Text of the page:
Free throws – The Lakers used to be a 70+% free throw shooting team. Tonight, they missed 9-20 and, in a close game, that will always matter.
No Peace at Staples – With Matt Barnes playing as well as he did, and Metta World Peace, well, not, MWP saw 9:48 minutes of playing time in the first half and didn’t play again in the second. He finished with just two points on 1-3 from the field, two rebounds and one assist. After a couple of good games this early in the season, MWP’s production is barely noticeable. His passes become turnovers and his shot selection is simply questionable. Leading the bench this season has been more Steve Blake than World Peace.
Andrew Bynum – It’s hard to say that a player who grabbed 16 rebounds but only scored nine points didn’t help his team win. But since Bynum’s averaged a double-double since his return from suspension, it’s hard to say he did a lot. There’s no doubt that tonight was a long one for him. In the first half, his stat line read 3 points on 1-3 from field and 1-4 from the free throw line. He did have seven rebounds but that he only attempted three shots and is still having issues on from the charity stripe was a concern. After watching tonight’s film, opposing teams will notice that Bynum is uncomfortable playing out of a double team, and the Warriors doubled him tonight and often. Bynum looked frazzled in the crowd, unsure of how he was going to score so he ended up tossing the ball haphazardly and, of course, it never made it. It’s apparent that there is one flaw to Bynum’s game – he’s still green on the whole playmaking thing. He did swing one pass to a cutting Troy Murphy, but there are other opportunities on the floor that he needs to learn to be aware of. When he can accomplish that, he’ll be even more dangerous.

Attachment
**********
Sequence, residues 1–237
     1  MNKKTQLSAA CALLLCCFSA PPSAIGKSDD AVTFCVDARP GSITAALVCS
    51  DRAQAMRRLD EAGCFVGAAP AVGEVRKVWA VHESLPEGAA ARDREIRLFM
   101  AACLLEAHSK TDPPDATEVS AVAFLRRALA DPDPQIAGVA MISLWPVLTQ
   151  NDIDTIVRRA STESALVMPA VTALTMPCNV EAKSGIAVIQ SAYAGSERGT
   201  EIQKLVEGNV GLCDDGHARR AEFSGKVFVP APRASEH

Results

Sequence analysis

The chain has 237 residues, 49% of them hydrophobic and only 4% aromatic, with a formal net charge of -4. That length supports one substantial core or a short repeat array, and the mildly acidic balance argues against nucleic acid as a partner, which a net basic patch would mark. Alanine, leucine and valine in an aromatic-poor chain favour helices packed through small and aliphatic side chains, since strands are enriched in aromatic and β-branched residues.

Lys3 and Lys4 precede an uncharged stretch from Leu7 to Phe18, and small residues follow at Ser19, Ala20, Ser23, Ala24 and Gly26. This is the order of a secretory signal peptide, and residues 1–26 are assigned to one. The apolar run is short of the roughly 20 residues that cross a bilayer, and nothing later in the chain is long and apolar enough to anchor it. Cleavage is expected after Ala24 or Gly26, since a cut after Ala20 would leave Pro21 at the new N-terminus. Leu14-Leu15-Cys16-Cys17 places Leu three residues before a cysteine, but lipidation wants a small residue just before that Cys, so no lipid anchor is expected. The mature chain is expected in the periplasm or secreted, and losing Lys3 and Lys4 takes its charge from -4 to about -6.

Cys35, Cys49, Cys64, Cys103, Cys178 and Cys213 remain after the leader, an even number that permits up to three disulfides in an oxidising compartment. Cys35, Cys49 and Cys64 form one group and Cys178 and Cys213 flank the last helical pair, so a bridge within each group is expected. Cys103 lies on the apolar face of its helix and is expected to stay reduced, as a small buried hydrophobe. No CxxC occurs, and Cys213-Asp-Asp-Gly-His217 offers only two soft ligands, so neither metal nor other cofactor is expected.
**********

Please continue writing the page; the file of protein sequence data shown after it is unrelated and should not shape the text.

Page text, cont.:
It wasn’t the prettiest of victories, but as long as it ends in the win, who’s to complain? There are a number of issues that the Lakers clearly still need to address (Bynum playing through double teams, controlling the turnovers, three point shooting and for goodness sakes, get some free throw drills going!), but with little time to practice due to the compressed schedule, the games will also have to serve as that practice time that they’re not getting. It’s not the most ideal of situations, but what part of this NBA season is?